Summary of the findings, by first author Eva Birgitte Aamodt:
Stroke is the second leading cause of death worldwide and a major cause of disability related to both functional and cognitive impairments. Cognitive impairment after stroke is particularly associated with advanced aging. A recent study, part of the Nor-COAST study, and from the Department of Radiology and Nuclear Medicine, Oslo University Hospital, set out to investigate the link between post stroke neurocognitive disorder (NCD) and advanced brain ageing.
Machine learning based on brain scans was used to estimate the brain age of patients, and the corresponding difference from chronological age, the brain age gap (BAG) – a marker that has been investigated in a range of other clinical conditions.
The study found that a lower BAG (younger appearing brain compared to chronological age) was associated with lower risk of post stroke NCD up to 36 months after stroke, even among those showing no evidence of impairments 3 months after hospital admission. For patients with no NCD at baseline, findings suggested that higher baseline BAG was associated with higher risk of post-stroke NCD at 18 and 36 months. The authors concluded that a younger appearing brain is associated with a lower risk of post stroke NCD, and lastly that this indicates that BAG may be used as a predictive marker for cognitive impairments in the time after stroke.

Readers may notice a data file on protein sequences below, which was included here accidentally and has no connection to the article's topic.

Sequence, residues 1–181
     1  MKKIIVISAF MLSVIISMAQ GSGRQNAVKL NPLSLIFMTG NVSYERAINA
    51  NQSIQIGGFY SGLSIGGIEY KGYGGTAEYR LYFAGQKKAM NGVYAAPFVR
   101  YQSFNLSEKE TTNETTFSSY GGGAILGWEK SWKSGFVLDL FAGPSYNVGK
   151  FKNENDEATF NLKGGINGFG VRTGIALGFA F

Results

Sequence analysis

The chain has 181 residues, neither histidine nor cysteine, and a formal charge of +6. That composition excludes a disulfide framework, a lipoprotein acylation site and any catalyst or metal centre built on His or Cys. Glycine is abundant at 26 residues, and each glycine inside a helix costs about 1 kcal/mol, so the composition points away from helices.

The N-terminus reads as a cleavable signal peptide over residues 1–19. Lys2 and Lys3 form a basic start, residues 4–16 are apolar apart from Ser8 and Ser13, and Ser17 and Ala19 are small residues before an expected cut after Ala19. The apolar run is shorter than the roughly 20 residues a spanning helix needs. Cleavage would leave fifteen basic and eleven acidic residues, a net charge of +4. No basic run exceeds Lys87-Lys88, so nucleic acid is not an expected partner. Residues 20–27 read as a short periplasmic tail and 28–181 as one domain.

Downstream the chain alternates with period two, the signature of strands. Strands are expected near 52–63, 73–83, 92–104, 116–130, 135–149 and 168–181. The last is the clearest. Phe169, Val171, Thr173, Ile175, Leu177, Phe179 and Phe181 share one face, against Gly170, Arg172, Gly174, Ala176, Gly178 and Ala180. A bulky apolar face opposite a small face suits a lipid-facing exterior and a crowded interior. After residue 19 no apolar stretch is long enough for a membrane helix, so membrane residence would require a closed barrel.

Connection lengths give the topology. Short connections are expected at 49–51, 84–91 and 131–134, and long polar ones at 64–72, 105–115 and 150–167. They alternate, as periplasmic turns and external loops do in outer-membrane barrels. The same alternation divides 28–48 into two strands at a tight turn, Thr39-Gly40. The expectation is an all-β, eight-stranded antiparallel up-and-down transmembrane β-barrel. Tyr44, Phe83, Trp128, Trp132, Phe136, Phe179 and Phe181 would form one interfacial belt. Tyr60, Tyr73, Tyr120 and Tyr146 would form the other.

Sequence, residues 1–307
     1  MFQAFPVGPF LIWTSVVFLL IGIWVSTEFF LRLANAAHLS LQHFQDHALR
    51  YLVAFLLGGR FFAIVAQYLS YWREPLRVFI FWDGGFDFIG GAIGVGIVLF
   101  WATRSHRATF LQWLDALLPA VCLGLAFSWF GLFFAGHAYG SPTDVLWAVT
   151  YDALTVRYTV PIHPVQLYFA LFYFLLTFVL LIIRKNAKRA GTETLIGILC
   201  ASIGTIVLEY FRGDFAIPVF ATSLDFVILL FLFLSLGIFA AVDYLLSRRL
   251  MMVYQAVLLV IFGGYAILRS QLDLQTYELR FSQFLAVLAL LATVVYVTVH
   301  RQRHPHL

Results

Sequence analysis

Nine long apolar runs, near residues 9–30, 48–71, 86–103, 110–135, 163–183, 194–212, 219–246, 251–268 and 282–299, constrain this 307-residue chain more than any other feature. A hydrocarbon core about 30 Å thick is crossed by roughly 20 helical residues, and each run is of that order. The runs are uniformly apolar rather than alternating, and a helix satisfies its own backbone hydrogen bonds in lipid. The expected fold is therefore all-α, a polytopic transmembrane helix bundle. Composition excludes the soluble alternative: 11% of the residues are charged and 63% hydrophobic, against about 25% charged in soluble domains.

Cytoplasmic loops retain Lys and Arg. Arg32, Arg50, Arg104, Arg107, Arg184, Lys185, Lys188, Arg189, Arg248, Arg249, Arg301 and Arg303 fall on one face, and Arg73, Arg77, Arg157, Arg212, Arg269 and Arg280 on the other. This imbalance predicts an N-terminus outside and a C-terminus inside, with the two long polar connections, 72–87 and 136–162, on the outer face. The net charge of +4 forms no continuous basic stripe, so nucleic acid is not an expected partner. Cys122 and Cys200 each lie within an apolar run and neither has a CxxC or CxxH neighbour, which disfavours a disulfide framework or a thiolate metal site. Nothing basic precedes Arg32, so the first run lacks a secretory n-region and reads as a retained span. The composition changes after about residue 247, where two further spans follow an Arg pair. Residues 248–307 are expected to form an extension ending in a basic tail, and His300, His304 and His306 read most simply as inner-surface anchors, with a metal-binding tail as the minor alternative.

Aamodt EB, Alnæs D, de Lange AG, Aam S, Schellhorn T, Saltvedt I, Beyer MK, Westlye LT (2022)
Longitudinal brain age prediction and cognitive function after stroke
Neurobiol Aging, 122, 55-64
DOI 10.1016/j.neurobiolaging.2022.10.007, PubMed 36502572 (Details)
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